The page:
We have (part of) a contract!

(http://flickr.com/photos/torchondo/489927544/, via Wikipedia)

Today, the METRO board approved a design-build-operate contract for 4 of the 5 new light rail lines. At the same time, the board gave its chosen contractor, a group lead by Parsons, notice to proceed on the first part of that contract: the East End Line, 29 light rail vehicles, and preparatory work on other lines. Later notices to proceed will cover the rest of the work on the North, Southeast, and Uptown lines; those will wait for federal funding agreements on the North and Southeast lines, which METRO expects in the third quarter of this year. If that federal funding does not materialize, METRO has the right to not proceed. The University Line will be the subject of a separate contract.

A few items of note:

  • This is a design-build-operate contract. That’s a relatively new way of doing business. On the Main Street Line, METRO hired an engineering firm to completely design every part of the line, then got bids from construction companies to build it, then hired the staff to run it. These new lines have only been schematically designed; the contract signed today covers completing the design, constructing the lines, and operating them for 5 years. That is intended to eliminate finger pointing — the builder can’t blame problems on the designer, for example — and to lead to a more efficient design that takes the construction process into account.
  • The cost for these four lines (20 miles) is $1.46 billion. That’s $113 million less than was projected last August, but it’s also a reflection of how much construction costs have gone up in the last 5 years: the Main Street Line cost $45 million a mile; these lines will cost $73. Incidentally, the cost does not include the intermodal terminal; that project has been shelved (for now, at least).
  • The contract includes a light rail only overpass on Harrisburg, not the road+rail underpass the neighborhood wants. But I wouldn’t consider that a done deal.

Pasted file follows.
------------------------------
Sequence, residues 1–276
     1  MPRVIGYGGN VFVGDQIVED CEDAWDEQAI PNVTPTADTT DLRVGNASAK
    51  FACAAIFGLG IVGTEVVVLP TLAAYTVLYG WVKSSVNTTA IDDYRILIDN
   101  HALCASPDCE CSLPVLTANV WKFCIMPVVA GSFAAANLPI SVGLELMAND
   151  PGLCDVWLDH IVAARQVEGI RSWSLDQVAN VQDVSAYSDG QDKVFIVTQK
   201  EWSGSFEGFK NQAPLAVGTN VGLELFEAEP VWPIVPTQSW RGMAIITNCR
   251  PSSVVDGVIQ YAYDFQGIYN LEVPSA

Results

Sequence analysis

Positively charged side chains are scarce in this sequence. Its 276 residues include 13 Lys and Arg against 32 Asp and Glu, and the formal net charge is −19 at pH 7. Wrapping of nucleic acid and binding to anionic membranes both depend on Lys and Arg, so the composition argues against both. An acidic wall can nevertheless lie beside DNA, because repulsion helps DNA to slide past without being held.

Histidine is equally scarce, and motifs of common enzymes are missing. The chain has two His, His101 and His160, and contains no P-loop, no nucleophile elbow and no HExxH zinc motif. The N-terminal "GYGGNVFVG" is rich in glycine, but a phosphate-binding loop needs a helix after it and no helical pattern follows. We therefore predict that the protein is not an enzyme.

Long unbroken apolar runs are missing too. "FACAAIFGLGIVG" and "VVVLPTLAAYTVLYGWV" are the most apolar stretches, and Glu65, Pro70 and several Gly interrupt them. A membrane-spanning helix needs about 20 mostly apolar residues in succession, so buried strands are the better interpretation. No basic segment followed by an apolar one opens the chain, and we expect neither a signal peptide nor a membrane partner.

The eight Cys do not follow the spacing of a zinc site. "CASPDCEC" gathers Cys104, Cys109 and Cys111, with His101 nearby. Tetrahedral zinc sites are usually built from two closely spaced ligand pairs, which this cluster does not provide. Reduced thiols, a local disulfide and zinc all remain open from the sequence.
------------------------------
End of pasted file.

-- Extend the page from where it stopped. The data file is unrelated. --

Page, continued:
• The new light rail vehicles (103 of them) won’t be the same as the 18 we have already. The current ones, made by Siemens, have 4 doors on each side and are 70% low floor — the seats at both ends are two steps up from the rest. The new ones will be 100% low floor, with 6 doors on each side. That will handles crowds at stations better, and it also leaves more room for bikes and strollers (though there’s no mention of bike racks on board). These will be the first 100% low floor light rail vehicles operating in the United States. The cars will be made by CAF, a Spanish company. They’ve built LRVs for Pittsburgh and Sacramento (where they seem to be performing well; the METRO cars, though, will apparently be based on vehicles now running in Seville (above). Those cars are a good fit: they’re just slightly longer than the current cars, but still short enough to fit a 2-car train in a Downtown blocks; they’re exactly the same width and the floor is the same height as the existing cars. The first 19 cars will be for the Main Street Line, to relieve congestion; the existing trains will remain in service.
  • The company that will operate the new lines is Veolia Transportation, a French company formerly known as Connex. They operate transit on 5 continents, including light rail in France, Ireland, Spain, and Norway and buses in Atlanta, Denver, Las Vegas, and Sacramento. METRO will set service levels and fares and handle marketing, just as it does now for those METRO bus routes operated by First Transit. My understanding is that the new contract will include operation of the Main Street Line as well as the new lines.
  • METRO said that it maintains a good credit rating (thanks to its sales tax revenues) and that it does not anticipate problems with financing.

This is a major step forward. But, as I said at the meeting, light rail is about the details. Urban light rail is all about the details. And those details are now in the hands of METRO and Parsons. There’s a lot to watch over the next few years.


(more: METRO blog, Chronicle)

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